Many parents joke that they are going to have to take out a second mortgage to pay for college, but what about for overnight camps? What are the costs, and are they worth the benefits? We help send our kids to college because we know that this investment will help them secure better-paying jobs and a brighter future. However, for a camping experience, what are the benefits?

For some of us, camp was one of the most cherished growth experiences in our childhood, and we feel the gift of camp is one that we will bestow upon our kids no matter what the cost. For those of us who did not grow up as campers, we have to decide what all the buzz is about and make a determination if we can afford it or not.

We believe that camp is a priceless gift that you can give your child (of course, as long as you find the right fit). Camp experiences pay off in all sorts of emotional intelligence dividends: self-esteem, self-reliance, self-awareness, empathy, the ability to listen, cooperate and share, self-control, the ability to wait in line (delayed gratification). Research shows that developing these skills leads to greater success in school and deeper and healthier relationships. And these early, positive growth experiences are fairly good indicators about our success as adults. So, now that you are convinced that camp is all it is cracked up to be, how much does it cost and how are you going to pay for it?

Types of Camps

There are two types of camps: agency camps and private camps. There is a pretty big price differential between the two. If cost is a concern, agency camps – like YMCA or JCC – make camping much more affordable. They can do this because they are subsidized by agencies, making your summer tuition less. You can expect to pay about $500 - $650 a week. Private camps are not subsidized, so the camper is paying for all of the costs to run a camp: insurance, staff, equipment, capital improvements. On the East Coast, expect to pay $800 - $1,200 a week for a private camp.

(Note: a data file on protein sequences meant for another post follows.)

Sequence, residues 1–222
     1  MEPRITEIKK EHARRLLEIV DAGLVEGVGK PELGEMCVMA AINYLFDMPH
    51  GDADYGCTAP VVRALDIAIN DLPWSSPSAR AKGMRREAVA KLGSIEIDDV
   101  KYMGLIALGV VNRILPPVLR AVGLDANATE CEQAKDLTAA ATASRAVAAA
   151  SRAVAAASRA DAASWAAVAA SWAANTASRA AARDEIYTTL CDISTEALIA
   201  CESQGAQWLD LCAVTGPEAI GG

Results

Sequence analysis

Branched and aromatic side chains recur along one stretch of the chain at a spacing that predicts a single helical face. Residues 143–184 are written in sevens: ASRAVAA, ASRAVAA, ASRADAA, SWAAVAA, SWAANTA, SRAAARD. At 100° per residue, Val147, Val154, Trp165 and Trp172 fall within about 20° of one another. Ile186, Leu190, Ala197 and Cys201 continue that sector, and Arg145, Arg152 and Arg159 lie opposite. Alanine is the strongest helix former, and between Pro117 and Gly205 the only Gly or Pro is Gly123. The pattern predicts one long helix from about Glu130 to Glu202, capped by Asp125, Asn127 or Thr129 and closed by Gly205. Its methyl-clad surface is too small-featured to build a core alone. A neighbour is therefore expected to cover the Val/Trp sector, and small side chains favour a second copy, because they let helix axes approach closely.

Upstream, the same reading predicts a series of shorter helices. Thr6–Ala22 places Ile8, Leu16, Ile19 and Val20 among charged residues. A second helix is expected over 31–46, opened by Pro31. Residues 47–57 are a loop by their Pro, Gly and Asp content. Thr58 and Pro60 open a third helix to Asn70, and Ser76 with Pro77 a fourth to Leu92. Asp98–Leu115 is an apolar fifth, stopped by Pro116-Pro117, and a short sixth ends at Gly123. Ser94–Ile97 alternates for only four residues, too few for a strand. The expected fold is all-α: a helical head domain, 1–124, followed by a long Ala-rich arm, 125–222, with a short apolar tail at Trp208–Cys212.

There are other ways to save, as well. At most camps, early enrollment discounts are offered. So, if you do your homework early enough, you can take advantage of this discount. In addition, if you are trying to provide a camping experience for more than one child, be sure to ask for a sibling discount (assuming that one camp can suit the needs of all of your children).


When budgeting for camp, you should also ask the program director about extra costs, such as optional activities, spending money, special clothing and equipment or trip insurance. A camp may offer horseback riding, but is there an additional cost for participating in this activity? When your child goes to the camp store, does she have an open-ended account or is there a set amount? If it is open-ended, you will be the one responsible for that bill at the end of the summer, so you should have a conversation with your child about proper spending. If there are out-of-camp trips, you should find out whether or not those are included with your tuition.


Almost every camp – private or agency – offers some amount of need-based “camperships.” Jewish federations, church groups and YMCAs provide scholarships for camp. Many private camps have foundations to send needy kids to camp which, besides being a good thing for those kids, help to diversify their population. Most camp directors are altruistic and giving individuals that would like to see every child in a camp. Some camps even give “scholarships for life.” So, once a child qualifies, she is promised that scholarship for as long as she attends that camp. For older kids, there are programs like Summer Search (, which aims to send at-risk youth to leadership development programs, like wilderness trips. Camp is a wonderfully enriching gift you can give your child. If you want to send your child, there is probably a camp out there to welcome them. Happy camping!